Searching for Sugar Man
In the early 1970's, an American girl brought a copy of Cold Fact to South Africa thinking the boyfriend she was visiting there would like it. That copy multiplied, the album began to be pressed locally and soon it had sold an estimated 1/2 million copies. As one person notes, every house you went into had the Beatles' 'Abbey Road' album, Simon and Garfunkel's 'Bridge Over Troubled Waters" and 'Cold Fact.' Rodriguez was bigger than Elvis and the Rolling Stones in Capetown, but all that was known about him was what was written on the album cover. It was said he had committed suicide on stage by setting himself on fire. When he was asked to write the liner notes for the CD reissue of Rodriguez's second album, 'Coming from Reality,' superfan Stephen ‘Sugar’ Segerman asked if their were any musicologist detectives out there. Journalist Craig Bartholomew-Strydom took the bait and began "Searching for Sugar Man."
Laura's Review: B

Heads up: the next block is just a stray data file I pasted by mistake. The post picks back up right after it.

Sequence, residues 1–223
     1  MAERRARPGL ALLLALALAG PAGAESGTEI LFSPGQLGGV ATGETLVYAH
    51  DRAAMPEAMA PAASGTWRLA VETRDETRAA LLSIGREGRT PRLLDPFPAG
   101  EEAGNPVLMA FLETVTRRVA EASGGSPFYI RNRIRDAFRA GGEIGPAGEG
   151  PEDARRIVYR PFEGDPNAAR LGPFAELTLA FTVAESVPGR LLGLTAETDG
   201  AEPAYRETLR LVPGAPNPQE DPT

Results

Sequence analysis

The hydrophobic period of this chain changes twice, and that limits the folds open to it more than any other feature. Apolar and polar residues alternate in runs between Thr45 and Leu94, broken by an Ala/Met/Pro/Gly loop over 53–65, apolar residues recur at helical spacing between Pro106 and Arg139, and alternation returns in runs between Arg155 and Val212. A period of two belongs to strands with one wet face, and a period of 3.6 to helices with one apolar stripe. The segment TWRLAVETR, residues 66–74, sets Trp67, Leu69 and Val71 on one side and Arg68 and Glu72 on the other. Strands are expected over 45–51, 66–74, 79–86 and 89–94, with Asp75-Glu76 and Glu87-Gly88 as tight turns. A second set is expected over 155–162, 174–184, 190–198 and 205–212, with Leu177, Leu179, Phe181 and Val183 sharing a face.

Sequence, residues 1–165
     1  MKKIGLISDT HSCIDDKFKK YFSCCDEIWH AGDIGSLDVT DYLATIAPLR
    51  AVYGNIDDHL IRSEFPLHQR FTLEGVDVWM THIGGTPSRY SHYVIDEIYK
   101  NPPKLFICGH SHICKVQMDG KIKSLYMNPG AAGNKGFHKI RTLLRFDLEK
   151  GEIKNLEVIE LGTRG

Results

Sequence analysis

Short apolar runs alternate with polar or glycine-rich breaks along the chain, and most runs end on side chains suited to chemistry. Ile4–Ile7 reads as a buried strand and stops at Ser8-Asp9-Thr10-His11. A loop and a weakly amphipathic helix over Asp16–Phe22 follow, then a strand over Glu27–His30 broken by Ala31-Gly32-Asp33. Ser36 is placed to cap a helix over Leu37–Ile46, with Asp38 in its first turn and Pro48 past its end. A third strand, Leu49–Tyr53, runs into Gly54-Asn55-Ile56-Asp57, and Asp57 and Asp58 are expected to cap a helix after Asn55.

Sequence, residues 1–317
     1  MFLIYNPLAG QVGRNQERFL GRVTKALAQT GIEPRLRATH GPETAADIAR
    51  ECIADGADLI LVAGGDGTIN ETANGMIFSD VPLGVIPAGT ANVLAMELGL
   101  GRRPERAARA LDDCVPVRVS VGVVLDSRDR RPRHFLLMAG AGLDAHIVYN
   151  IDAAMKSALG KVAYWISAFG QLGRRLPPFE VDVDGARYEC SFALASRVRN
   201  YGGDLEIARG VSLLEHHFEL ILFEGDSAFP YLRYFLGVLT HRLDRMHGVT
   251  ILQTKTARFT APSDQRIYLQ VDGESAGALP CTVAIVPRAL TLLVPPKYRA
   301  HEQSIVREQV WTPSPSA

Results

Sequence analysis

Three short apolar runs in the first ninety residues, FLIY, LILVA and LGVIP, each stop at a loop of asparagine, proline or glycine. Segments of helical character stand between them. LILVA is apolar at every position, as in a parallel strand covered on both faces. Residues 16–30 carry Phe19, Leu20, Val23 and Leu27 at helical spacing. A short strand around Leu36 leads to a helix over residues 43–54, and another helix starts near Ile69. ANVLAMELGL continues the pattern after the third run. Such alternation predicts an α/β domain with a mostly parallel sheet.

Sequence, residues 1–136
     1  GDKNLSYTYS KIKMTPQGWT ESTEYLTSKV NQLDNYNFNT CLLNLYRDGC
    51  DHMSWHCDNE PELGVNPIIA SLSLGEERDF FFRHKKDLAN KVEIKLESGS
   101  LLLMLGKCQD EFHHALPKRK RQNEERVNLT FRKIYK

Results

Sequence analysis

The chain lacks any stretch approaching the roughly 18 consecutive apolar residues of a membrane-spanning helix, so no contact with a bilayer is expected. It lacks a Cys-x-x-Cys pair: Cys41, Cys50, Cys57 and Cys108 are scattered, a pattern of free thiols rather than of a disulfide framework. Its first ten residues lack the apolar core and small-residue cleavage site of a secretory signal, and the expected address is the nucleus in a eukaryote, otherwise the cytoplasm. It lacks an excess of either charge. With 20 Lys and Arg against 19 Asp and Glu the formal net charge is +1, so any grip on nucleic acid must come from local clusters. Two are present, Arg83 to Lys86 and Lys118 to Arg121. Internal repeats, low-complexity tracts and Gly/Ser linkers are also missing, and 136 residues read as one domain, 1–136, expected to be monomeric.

Well, director Malik Bendjelloul's title is a bit misleading, but he knew a great story when he heard one. Bendjelloul had been making short documentaries for Swedish television when he decided to travel to look for material. He met Stephen ‘Sugar’ Segerman, a former lawyer and jeweler who now owns a record store, in 2006 and couldn't get his story out of his head. What's surprising is that it's now over ten years old and had never been brought to a global audience before and most Americans still have no idea who Jesus 'Sixto' Rodriguez is. (Check his songs, especially 'Cold Fact's' 'Crucify Your Mind,' out on youtube.) Bendjelloul was faced with telling a story which had little in the way of documentation, given Rodriguez's quick fade to obscurity in the U.S., so he and his cinematographer Camilla Skagerström, using a Sony EX1 camera and Super 8, created a bunch of breath-taking cityscapes contrasting Detroit with Capetown, juggling them with interviews and stills. Bendjelloul even used a Super 8 app on his iPhone and edited this footage together with animation depicting events, beginning in 1968 with producers Mike Theodore and Dennis Coffey, who first checked out the local musician at a bar by the Detroit River. Despite the fact that the guy performed with his back to the audience, they were so impressed, they agreed to produce his first album. Both men think Rodriguez is the equivalent, if not the superior, to Bob Dylan and are mystified as to why he never took off. Speculation points to his name. There's a brief jog to Palm Springs to visit Steve Rowland, who produced Rodriguez's second album, before heading to Cape Town and tracking how the phenomenon built to such a head that someone finally decided to track down the artist who, remember, most accepted as dead. Up until this point the film is lovely to look at and rather melancholy, a portrait of someone who created art that was never appreciated. With the move to Cape Town, the documentary begins to get more analytical. Interviewees share their white liberal experience of Apartheid, how cut off they felt from the rest of the world, how they knew their government was bad, but not how the rest of the world viewed them, because the government controlled the media. Rodriguez's anti-establishment voice was the first one they heard that inspired them to rebel, to take a stand. Media libraries manager Ilse Assmann shows us a copy of 'Cold Fact' that has had its 'Sugar Man' track purposely ruined to ensure compliance with the government ban on its radio play (the lyrics were about drugs) and how the banning just stoked teenaged desire to play it. When Steve Segerman discovered, after playing Rodriguez's music for years, that he was unknown in the U.S., he was beyond astonished. He tried to 'follow the money' of record contracts and got nowhere. Bartholomew-Strydom ran into one dead end after another himself, until he noticed Dearborn in a lyric and finally made the connection to Detroit, but it was a web site parodying Missing Children ads on milk cartons that made the breakthrough when Eva Rodriguez responded, saying that the man was her father, leaving a phone number. Segerman had perhaps the defining moment of his life when his wife answered the phone in the middle of the night to his find his musical idol on the other end of the line. What happened next is like a fairy tale and Bendjelloul can begin to work with archival footage. It's all very moving, and he's built the Capetowners' quest up enough that we discover the real Rodriguez right along with them. And yet, he fails to answer many of the questions raised along the way. That money trail ended with Clarence Avant, whose Sussex Records was long out of business when he defensively obfuscates to the camera - did Avant knowingly cheat an artist he claims to admire of South African profits the man never knew he had? There are questions left about the albums' failure - what was done to promote it, for example, and who *were* those other people listed on them? We meet Rodriguez's three daughters yet hear nothing of their mother(s) nor understand the current familial relationship. And why, after everything has come to light, has this story still remained under wraps for over ten years? But despite these lapses, the film remains incredibly moving. Rodriguez himself remains a bit of a mystery. The man is not a self-promoter, but a true artist of the hippie era who made and continues to make his living in construction. When he's filmed in long tracking shots trudging through the snow to his humble home or around his neighborhood, you can see the self-consciousness on his face. And yet, he also seems incredibly open, interested in the people around him. The man who never knew he had a following takes to the stage in front of 20,000 to sing thirty year old songs like he's been doing it all his life.